What bracing is/does can be independently and unambiguously evaluated from scientific principles or measurement. What is going on above is a difference in the knowledge bases people use to reason about bracing. I have put forward the engineering principles in terms of modes and how they are driven that I am using to reason about the problem. Bill has not been formally trained as an engineer and cannot debate as an engineer would by pointing out in engineering speak what assumptions of mine might be a bit wonky or what might not have been considered. (I am of course spot on with everything!). He puts it all aside in favour of what he considers from his interpretation of his past experience to have worked. It isn't resolvable unless we can all agree on a shared base of what is true on which to build a debate.

          Having looked up the AR-LST it appears to be the side wall speakers for a 5.1 system with AR-3As as LCR speakers. Perhaps it was for one of the quadraphonic systems of the time?

          Comment


          • #7
            Yes, as a naval architect I fully understand the complexity of vibration control in structures.

            My professor always told us in structural design to "think in deformations" and that was why the external bracing was natural to me (like a ship webframe stucture)

            I beleive one could see the LST as "a AR3a on stereoids" as they share the same drivers and XO apart frpm the transformer that enables the user to modify the energy distribution in different ways.

            Regards//lasse
            Perry Mason talking to his dentist:

            "Do you swear to take the tooth, the whole tooth and nothing but the tooth, so help you God?"

            Comment


            • #8
              Originally posted by lasse View Post
              Yes, as a naval architect I fully understand the complexity of vibration control in structures.

              My professor always told us in structural design to "think in deformations" and that was why the external bracing was natural to me (like a ship webframe stucture)
              If by that he meant examining how the modes deform the structure then yes that is the usual engineering approach. One also needs to consider which modes are or are not driven by the different kinds of forces present and in the case of speaker cabinets how those modes radiate sound.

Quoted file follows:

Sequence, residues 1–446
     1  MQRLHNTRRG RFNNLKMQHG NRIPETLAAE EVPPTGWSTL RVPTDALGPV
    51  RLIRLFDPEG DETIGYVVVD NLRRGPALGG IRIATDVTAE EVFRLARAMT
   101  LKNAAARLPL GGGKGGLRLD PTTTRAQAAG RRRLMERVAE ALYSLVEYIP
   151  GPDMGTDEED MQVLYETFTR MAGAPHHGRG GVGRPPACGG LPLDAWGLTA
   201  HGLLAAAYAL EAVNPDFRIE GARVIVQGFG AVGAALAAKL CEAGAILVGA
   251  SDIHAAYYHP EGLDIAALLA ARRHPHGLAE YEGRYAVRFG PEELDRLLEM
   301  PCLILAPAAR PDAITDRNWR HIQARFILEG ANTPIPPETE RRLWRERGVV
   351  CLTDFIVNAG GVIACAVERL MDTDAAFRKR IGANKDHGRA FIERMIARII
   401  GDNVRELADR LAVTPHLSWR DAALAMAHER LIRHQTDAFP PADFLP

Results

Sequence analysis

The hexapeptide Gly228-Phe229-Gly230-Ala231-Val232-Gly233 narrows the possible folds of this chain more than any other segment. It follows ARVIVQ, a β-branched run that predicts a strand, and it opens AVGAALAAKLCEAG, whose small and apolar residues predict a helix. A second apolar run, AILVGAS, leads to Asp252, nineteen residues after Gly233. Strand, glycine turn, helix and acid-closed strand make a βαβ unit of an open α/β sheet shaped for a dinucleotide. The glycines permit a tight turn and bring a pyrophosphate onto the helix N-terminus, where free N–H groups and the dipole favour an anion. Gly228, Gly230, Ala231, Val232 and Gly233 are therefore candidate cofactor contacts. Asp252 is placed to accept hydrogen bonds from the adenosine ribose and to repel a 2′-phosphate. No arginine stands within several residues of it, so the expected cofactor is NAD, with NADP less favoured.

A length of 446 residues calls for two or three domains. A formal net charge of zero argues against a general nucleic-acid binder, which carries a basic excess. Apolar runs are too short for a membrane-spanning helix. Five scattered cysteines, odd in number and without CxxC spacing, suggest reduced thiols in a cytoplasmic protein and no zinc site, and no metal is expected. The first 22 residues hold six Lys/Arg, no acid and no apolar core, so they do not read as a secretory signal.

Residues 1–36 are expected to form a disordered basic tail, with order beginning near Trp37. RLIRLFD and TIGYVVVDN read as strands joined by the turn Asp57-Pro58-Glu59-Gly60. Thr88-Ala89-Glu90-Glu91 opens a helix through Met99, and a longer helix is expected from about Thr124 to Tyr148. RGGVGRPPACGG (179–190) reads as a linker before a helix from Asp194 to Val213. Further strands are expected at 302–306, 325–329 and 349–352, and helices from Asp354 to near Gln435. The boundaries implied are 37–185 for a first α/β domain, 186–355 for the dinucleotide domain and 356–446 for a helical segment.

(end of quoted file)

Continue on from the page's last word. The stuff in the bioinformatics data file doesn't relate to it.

To stick with the ship analogy the motion of the ship w.r.t. to the sea will induce large low frequency distributed forces on the structure that cause large deflections but this non-resonant movement doesn't result in much sound. This is what happens with the forces from the internal pressure in speaker cabinet which only become large enough to be significant in the stiffness controlled region below the resonances. If you look at the measurements of the sound from the cabinets in the low frequency stiffness controlled region in the BBC publication linked above it is so low it has disappeared off the bottom of the plot. The speaker measured by the BBC is likely to be both sealed and with unbraced panels although probably not using a woofer with a floppy suspension. So reasonably representative of your speaker. In addition an acoustic suspension speaker isn't going to be bothered at low frequencies whether sound comes from the driver or from the cabinet because it is effectively all moving together +/- 180 degrees when the wavelength of sound is so large compared to the size of the cabinet. The engineers that designed your speaker will have been more aware of this than we are because it is basic engineering knowledge.